Both The New and The Journal had stories today about the RFP for the next LANL manager. The New Mex's story seemed more thorough (which was surprising, I usually think of The Journal as having much better LANL coverage), but there were several things in The New Mex's story that seemed weirdly unexplained for the average reader. Or, perhaps I should say, for this reader. They were:

1. In discussing the criteria for the RFP, one of the areas given the greatest weight is science and technology, "bidders must show they can foster an environment of scientific skepticism..."

Now, a quick google search helped me out here, as I learned that scientific skepticism is not the same as good 'ol regular skepticism. According to Wikepidia:

"Scientific skepticism or rational skepticism (UK spelling, scepticism) sometimes referred to as skeptical inquiry, is a scientific, or practical, epistemological position (or paradigm) in which one does not accept the veracity of claims unless they can be scientifically verified.
This article does not deal with philosophical skepticism which is the school of thought in which one critically examines whether the knowledge and perceptions one has are true, and whether or not one can ever be said to have true knowledge."

In other words, the next LANL manager needs to test the science to make sure it works, not just walk around saying things like, "Yeah, right, that's gonna clean up radioactive waste."

2. I didn't really understand how one is supposed to synthesize the idea that the RFP scores each contender on a variety of factors numerically with the fact that "the person selecting the winning proposal" is Thomas Paul D'Agostino..."he is functioning now as the landlord for Los Alamos..."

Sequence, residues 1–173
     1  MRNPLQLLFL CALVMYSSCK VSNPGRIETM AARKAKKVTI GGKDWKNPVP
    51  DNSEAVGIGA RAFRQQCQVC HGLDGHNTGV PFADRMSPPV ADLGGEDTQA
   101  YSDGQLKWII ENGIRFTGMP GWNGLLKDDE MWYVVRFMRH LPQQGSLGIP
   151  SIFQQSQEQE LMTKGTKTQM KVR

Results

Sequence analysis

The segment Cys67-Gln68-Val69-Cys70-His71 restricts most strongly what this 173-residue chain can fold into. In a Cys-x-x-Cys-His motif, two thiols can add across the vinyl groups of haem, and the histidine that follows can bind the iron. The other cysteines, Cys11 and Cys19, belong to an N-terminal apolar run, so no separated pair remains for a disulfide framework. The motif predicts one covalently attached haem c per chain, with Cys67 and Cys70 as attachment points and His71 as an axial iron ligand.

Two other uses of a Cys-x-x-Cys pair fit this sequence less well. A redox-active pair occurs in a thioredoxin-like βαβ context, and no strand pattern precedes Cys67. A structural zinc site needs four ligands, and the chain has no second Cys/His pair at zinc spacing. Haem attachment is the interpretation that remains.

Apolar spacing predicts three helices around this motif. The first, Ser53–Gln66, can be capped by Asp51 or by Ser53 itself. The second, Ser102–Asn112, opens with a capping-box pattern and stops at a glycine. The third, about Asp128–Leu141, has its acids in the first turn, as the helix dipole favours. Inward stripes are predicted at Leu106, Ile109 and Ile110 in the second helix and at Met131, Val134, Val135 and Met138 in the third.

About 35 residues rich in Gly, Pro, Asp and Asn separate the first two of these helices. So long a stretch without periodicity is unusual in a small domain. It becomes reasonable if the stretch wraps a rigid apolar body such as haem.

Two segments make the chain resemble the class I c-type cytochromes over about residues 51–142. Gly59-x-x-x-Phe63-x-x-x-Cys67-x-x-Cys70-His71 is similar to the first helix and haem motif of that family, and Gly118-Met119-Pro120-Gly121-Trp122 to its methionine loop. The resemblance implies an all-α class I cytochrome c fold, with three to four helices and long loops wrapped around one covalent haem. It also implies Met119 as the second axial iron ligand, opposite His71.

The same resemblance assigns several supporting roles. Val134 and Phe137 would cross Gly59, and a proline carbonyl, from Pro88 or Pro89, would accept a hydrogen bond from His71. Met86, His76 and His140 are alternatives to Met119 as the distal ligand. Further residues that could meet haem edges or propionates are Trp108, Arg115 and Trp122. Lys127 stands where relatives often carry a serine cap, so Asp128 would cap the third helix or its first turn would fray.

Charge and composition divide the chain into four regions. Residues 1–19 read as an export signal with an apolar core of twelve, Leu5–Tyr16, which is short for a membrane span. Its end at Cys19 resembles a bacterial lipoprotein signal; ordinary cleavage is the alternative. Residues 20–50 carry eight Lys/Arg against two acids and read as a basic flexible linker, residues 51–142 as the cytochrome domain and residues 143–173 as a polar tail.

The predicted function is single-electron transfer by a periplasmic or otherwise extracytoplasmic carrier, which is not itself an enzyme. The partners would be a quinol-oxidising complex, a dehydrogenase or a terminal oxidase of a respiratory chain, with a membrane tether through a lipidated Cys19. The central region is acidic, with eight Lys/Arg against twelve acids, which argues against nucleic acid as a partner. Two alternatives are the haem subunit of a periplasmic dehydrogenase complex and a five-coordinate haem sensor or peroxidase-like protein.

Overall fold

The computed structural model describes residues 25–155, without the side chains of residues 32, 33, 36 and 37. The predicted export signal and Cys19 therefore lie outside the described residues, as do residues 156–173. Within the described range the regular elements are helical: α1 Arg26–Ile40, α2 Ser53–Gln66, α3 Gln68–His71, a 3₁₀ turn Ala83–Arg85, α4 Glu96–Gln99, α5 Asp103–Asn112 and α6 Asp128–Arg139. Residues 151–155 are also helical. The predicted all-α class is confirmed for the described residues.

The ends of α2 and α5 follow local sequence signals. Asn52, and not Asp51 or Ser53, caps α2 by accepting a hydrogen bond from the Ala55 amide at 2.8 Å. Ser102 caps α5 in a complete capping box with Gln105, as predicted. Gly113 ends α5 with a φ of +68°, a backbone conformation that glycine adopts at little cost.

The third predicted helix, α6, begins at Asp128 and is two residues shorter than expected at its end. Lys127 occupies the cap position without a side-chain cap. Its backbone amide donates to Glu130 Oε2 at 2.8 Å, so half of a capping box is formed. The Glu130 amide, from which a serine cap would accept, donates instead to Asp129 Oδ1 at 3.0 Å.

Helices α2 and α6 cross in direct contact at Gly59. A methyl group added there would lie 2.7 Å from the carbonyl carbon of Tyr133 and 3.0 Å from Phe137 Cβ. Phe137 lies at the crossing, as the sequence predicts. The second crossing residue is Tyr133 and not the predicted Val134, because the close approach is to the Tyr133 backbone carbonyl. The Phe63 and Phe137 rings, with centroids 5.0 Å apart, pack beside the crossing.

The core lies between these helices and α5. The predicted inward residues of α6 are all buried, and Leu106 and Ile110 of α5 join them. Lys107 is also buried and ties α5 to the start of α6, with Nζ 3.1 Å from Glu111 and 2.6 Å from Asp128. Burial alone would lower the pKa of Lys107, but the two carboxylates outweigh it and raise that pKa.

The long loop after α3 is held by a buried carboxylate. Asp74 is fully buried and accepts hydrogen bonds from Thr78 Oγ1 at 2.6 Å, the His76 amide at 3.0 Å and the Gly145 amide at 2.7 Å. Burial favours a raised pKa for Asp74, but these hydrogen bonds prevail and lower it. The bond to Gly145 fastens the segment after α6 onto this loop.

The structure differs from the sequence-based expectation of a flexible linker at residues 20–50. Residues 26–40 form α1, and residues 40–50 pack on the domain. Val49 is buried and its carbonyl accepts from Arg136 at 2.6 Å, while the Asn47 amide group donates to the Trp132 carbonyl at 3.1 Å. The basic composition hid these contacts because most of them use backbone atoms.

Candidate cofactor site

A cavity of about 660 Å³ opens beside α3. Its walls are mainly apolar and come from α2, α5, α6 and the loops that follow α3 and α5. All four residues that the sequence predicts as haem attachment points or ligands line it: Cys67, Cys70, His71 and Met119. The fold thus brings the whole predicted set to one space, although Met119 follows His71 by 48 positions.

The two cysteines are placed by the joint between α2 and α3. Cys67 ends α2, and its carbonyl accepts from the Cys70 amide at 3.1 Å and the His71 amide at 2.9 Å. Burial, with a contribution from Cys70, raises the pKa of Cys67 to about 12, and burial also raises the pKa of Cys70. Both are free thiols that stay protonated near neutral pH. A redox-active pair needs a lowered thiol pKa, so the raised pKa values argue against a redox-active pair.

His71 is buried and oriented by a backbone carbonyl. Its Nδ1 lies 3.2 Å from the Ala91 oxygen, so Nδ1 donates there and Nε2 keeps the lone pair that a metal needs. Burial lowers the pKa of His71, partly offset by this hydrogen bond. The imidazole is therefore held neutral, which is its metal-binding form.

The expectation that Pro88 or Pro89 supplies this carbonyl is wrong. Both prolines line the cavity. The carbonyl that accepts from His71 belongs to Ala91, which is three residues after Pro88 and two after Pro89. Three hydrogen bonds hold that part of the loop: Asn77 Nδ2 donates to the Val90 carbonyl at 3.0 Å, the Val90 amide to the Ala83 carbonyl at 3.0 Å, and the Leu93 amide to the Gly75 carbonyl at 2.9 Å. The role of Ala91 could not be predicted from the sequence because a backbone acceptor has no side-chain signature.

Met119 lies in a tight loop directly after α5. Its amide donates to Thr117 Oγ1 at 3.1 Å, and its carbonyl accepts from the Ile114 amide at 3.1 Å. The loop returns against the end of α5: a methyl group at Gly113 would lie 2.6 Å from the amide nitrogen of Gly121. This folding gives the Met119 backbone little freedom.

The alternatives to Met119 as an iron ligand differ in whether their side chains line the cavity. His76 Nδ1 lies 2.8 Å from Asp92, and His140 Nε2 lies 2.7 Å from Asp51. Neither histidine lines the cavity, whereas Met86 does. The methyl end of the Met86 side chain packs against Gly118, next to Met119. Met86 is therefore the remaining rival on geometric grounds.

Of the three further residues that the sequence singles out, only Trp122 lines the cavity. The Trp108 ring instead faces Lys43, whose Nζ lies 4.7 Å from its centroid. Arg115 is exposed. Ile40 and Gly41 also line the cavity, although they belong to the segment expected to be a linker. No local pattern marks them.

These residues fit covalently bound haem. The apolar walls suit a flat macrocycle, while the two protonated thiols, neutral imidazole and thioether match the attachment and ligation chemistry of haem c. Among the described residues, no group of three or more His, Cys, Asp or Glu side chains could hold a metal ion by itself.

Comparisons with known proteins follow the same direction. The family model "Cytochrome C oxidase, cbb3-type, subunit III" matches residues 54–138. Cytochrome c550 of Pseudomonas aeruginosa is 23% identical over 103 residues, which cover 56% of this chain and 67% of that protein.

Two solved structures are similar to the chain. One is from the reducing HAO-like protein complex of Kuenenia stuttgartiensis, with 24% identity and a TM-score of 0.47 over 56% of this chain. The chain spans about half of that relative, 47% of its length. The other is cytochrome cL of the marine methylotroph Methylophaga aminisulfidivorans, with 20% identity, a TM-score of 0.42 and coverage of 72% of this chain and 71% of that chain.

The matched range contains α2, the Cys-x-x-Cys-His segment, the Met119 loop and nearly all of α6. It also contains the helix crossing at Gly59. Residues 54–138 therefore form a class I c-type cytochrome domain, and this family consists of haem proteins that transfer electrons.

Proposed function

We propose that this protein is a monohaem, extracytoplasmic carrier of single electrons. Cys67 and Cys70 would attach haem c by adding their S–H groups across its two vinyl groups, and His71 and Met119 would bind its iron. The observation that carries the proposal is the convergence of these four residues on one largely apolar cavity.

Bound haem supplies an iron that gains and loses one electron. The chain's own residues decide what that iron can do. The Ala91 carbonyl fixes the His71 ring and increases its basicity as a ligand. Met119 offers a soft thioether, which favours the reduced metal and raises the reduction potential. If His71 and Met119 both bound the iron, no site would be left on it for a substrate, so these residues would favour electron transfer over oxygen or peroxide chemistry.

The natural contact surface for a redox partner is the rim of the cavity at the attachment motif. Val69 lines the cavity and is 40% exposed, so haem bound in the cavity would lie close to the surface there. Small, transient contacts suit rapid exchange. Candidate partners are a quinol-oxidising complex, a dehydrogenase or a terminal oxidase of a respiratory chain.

Um, three things.

1. Why is he choosing if they are being scored? That doesn't sound like the most epistemological thing I've ever heard. I mean, even the hot dog vending permits in Santa Fe had a committee evaluate their proposals.
2. What the hell is "the landlord for Los Alamos"
3. Who is this guy again?

I have, at this time, gotten nowhere in answering the first two questions, and made little headway with the third, except to learn that in the late '90s, D'Agostino was a DOE representative who attended a 10-month program at the College of Naval Warfare. This from an online government newsletter archived on the Internet:

"The CNW, the senior-level program at the Naval War College located in Newport, Rhode Island, focuses on national security policy and strategy, national security decision-making, and joint military operations. Tom D'Agostino, who was recognized as a "Distinguished Graduate" for his contributions and for graduating in the top 10% of his class, states that "my experience at the Naval War College was exceptional and unique. The College provided me with the knowledge and expertise to deal with national security policy issues, understand and implement different decision-making processes and tools, and most importantly, interact with senior civilians and military service members on a variety of national security concerns." According to Mr. D'Agostino, "a significant benefit of having a DOE representative at the Naval War College was that it provided the opportunity to explain the Department's role in national security." Upon completion of this program, graduates receive a Masters of Arts degree in National Security and Strategic Studies."

Believe it or not, there is almost nothing else about this guy out there. But I've only done a perfunctory search. I thought I might go do my work now and play Crazed Internet Detective later.

Still, I have to say, when it comes to this whole LANL RFP my guess (or vote, if I could figure out how to put this freaking javascript poll up) is that the fix is in already as to who the next manager will be.
But, ya know, I'm a bit of a skeptic, the regular—not scientific—kind.